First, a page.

revolutions – since 2010 – that demonstrated impactful action-taking by youth aiming for political – and more recently environmenta l- change, and reversing their traditional categorisation from being “inferior” to being leaders of political, social and cultural change.

A Human Race

When practising Krump a child can transform the powerlessness into an amazing dance where the performativity in itself is empowering back; or remedy the existential fears of growing up via the personal and free expressions of a shared dance; or create a statement of the experiences of being other-ed while enjoying a very personal signature and individual identity. In all those possibilities and in all ages, krumping can be a possibility for making peace with oneself and with the community, hence an opportunity to go beyond the moment of conflict and envision a future from whatever point in age and time.

The practise of Krump can also lead to catharsis, and therefore to healing and transformation, as it releases the inner narratives of each body while aiming for “Liveness” (going higher and above). This “Liveness” could be interpreted as a movement of transcendance, rising, going further, a movement that cannot function without spiritual engagement, nor without holistic connection. In Krump terminology, the Buck and the Krump and the Liveness operate together to go further: character moves/gestures and down to earth feet build up to reach “Liveness”. With this itinerary we reach a universal pattern of movement that connects our being and expands it towards new growth. Almost similar to the pattern of breathing that all human beings – and animals – experience as a movement from in to out, and vice versa, where nobody can only breathe in or only breathe out, Krump creates a pattern of connection and balance between the inner and the outer, and between the roots/earth, the self and its potential growth. This can also be an interesting itinerary for dance to embody the search for balance, unity and humanness from an autonomous perspective, to embody “A Human Race”.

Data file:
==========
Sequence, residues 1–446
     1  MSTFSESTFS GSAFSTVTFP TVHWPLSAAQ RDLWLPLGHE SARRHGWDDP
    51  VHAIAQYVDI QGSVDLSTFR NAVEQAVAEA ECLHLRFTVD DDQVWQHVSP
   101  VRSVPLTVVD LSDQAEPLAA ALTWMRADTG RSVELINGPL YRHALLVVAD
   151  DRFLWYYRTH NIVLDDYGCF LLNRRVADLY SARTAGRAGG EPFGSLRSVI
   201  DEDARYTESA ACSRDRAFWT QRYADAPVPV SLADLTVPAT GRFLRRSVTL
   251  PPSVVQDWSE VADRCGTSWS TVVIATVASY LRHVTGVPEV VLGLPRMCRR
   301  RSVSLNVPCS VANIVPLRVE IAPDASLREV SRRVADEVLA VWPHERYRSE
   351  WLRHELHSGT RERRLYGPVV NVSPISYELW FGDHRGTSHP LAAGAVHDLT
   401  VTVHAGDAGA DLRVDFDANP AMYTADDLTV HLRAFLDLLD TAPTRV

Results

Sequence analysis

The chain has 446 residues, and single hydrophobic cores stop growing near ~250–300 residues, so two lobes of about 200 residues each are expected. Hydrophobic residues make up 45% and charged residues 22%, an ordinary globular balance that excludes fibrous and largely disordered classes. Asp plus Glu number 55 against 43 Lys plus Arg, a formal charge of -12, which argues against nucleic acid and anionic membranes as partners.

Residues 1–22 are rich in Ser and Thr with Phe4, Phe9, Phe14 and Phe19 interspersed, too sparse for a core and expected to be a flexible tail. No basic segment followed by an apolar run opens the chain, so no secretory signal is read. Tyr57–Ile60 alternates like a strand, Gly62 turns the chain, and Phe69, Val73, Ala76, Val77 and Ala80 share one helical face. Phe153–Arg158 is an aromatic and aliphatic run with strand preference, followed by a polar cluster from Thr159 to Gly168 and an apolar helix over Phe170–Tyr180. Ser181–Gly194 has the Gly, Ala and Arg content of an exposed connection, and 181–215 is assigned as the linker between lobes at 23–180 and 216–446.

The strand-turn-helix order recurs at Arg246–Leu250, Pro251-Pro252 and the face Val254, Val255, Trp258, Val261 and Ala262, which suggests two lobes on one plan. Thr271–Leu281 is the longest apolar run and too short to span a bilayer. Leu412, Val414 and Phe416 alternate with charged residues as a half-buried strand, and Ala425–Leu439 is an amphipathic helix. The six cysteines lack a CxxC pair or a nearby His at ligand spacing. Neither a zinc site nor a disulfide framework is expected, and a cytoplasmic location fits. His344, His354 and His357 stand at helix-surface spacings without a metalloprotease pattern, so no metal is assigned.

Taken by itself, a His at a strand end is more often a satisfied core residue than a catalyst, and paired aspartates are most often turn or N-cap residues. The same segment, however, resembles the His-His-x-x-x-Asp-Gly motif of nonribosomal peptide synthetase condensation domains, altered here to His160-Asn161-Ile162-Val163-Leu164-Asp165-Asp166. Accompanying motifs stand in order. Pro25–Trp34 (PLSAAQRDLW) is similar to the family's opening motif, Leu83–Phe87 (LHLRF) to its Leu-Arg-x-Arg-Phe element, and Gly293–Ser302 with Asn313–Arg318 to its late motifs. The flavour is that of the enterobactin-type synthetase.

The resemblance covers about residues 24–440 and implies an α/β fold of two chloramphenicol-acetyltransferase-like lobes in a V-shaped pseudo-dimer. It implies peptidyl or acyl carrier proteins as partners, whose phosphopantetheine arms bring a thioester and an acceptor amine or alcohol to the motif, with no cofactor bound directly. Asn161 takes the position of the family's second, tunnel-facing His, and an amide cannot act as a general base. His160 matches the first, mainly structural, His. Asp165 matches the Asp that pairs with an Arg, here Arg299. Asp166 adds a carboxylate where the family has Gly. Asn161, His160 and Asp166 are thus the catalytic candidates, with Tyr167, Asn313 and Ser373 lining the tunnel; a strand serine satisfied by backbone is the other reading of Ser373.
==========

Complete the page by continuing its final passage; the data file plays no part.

This text was commissioned by TANZKOMPLIZEN – dance for young audiences. The premiere of A HUMAN RACE, a dance piece by Grichka Caruge, produced by TANZKOMPLIZEN, will take place on August 20, 2021 in Podewil Berlin.


About the author:

Nora Amin – Foto: Jacob Stage
© Jacob Stage

Nora Amin is a dancer, choreographer, writer and theatre director. Founding member of the Cairo Opera House Modern Dance company, founder and artistic director of Lamusica Independent Theatre Group where she produced and directed forty productions of dance, theatre and music. Founder and artistic director of The nation-wide Project of Theatre of the Oppressed and its Arab network in Lebanon, Sudan and Morocco. Previous S. Fischer guest professor (FU), former Valeska-Gert guest professor for dance sciences MA (FU), former lecturer in Mount Holyoke College (Theatre studies, MA), cultural policy (Hildesheim university), and centre for contemporary dance at the university of Köln. Mentor/expert at LAFT/PAP and Flausen+ Bundesnetzwerk. Board member of the German Centre of the International Theatre Institute and member of the steering group for the Dance Mediation Centre.